by James A. Bacon
It’s understandable that people get upset with payday loan companies. The short-term lenders, who use borrowers’ paychecks as collateral, charge interest rates that seem extortionate on an annualized basis. Many borrowers get caught on a treadmill of indebtedness, taking out new loans to pay off the old ones.
The problem with most consumer activists is that they focus primarily on shutting down payday lenders. But driving small-loan providers out of the market doesn’t do anything to help working-class people desperate for cash — it simply eliminates one of the few options available to them.
That’s why it’s encouraging to see churches stepping in with their own lending programs. In an article today, the Washington Post describes how the United Methodist Church in Richmond has created the Jubilee Assistance Fund, which uses church funds as collateral for parishioners to take out low-interest loans through the Virginia United Methodist Credit Union. Over 7 1/2 years, the program has helped parishioners secure 14 loans, from $500 to $8,800. Writes the Post:
Similar initiatives run by faith-based organizations across the country are shifting the way churches approach charity. These programs offer parishioners an alternative to commercial lending agencies, which often charge triple-digit annualized interest rates.
Unlike commercial lenders or even other nonprofit alternatives, these church-backed programs offer near-zero interest rates – a model, proponents say, that helps struggling borrowers get back on their feet.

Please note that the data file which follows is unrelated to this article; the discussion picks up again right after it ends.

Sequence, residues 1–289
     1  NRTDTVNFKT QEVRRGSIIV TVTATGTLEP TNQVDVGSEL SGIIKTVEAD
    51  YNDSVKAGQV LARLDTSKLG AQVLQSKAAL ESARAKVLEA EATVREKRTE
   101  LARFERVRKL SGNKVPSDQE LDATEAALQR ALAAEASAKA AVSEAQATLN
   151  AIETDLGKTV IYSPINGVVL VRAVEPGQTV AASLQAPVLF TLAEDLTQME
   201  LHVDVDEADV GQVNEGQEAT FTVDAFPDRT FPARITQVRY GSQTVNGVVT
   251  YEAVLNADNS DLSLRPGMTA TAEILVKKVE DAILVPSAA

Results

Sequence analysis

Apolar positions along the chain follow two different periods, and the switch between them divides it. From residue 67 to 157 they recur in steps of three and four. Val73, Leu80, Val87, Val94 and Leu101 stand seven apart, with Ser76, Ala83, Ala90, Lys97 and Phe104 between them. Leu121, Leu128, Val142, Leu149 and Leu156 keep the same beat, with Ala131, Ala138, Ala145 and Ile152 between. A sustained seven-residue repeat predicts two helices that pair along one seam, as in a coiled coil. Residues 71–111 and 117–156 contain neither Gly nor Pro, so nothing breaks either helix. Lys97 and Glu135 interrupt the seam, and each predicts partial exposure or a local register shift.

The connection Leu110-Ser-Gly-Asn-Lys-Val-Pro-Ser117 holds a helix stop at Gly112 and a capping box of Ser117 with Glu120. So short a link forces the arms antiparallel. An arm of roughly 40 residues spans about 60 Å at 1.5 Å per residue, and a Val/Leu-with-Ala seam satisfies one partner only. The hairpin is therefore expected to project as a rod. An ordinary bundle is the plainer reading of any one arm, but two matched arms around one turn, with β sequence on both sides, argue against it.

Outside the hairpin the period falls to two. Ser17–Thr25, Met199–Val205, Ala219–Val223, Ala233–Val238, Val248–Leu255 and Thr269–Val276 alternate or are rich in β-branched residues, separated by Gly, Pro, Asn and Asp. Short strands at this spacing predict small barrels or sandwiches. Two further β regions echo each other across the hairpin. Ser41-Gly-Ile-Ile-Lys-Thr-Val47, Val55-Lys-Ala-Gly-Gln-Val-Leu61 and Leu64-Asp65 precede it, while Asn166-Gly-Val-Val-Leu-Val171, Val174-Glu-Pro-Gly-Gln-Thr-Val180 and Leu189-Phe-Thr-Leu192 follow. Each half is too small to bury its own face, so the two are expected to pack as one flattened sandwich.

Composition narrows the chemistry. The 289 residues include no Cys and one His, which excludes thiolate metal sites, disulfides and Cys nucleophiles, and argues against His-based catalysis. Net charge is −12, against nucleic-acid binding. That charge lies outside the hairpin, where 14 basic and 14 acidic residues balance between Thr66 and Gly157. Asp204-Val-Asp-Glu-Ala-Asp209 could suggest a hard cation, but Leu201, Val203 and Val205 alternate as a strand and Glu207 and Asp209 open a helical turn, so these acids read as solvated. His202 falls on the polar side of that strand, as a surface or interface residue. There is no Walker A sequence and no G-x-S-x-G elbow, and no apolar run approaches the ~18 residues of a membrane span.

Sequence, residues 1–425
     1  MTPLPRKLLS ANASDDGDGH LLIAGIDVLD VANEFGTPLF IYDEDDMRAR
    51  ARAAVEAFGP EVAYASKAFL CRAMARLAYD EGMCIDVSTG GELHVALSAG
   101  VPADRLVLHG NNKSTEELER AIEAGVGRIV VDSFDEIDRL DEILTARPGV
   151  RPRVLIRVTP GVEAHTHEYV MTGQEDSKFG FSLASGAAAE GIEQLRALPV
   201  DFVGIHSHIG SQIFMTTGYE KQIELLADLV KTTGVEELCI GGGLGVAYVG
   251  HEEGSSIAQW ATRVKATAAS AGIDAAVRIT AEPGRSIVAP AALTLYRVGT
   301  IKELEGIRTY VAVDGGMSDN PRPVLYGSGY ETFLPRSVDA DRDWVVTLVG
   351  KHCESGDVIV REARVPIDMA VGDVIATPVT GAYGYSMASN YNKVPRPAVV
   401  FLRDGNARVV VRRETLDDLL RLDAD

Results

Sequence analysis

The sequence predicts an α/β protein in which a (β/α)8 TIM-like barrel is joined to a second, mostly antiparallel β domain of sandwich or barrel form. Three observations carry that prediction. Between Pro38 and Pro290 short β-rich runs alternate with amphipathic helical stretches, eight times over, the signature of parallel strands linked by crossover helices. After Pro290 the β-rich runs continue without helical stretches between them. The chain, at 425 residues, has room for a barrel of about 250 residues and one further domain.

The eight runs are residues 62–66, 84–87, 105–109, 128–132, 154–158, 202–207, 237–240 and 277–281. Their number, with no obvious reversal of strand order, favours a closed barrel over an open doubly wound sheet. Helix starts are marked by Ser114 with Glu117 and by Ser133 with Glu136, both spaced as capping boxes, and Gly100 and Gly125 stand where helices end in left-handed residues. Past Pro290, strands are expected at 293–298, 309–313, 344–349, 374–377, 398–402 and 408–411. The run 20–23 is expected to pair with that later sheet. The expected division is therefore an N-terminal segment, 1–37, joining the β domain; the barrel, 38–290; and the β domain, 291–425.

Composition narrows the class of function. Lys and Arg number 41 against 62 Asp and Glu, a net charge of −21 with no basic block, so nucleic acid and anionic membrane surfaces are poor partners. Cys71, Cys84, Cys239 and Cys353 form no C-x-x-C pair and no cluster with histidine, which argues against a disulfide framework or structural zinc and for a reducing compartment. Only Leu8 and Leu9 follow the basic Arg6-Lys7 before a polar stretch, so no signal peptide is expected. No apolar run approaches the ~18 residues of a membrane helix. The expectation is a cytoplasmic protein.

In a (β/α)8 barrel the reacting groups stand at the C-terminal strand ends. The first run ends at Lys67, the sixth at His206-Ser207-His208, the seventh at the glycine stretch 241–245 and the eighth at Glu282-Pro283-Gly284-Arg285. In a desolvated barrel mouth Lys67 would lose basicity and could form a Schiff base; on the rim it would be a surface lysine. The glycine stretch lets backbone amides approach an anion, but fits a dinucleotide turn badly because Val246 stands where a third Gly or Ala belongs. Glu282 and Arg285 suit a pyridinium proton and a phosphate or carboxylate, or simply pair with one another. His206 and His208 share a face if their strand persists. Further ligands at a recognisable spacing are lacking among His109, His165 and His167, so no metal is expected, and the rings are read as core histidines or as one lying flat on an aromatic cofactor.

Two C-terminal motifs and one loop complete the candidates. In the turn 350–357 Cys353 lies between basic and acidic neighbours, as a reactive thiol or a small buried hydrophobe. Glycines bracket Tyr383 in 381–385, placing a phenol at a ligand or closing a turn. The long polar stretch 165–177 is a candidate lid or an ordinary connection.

This is a positive response, not a negative one, to the demand for small, short-term debt. Church programs provide poor people with more options — and better ones — than they had before, rather than taking options away.
Creating “jubilee” programs is consistent with Old Testament theology of loan forgiveness, and it plays to the natural strength of churches, which are communities of parishioners who support one another in times of need. As members of the community, borrowers arguably are more highly motivated to repay their debt. Accordingly, I would expect church lenders to enjoy lower default rates. Also, churches probably have a lot less paperwork and administrative overhead than payday lenders do. It will be interesting to see, though, if churches can achieve a scale that can help thousands, rather than dozens, of people in need.
(As an aside, please contrast the Methodist Church’s approach to economic insecurity to that of the village radicals disrupting Richmond City Council, described in the previous post. One actually helps people; the other just raises hell.)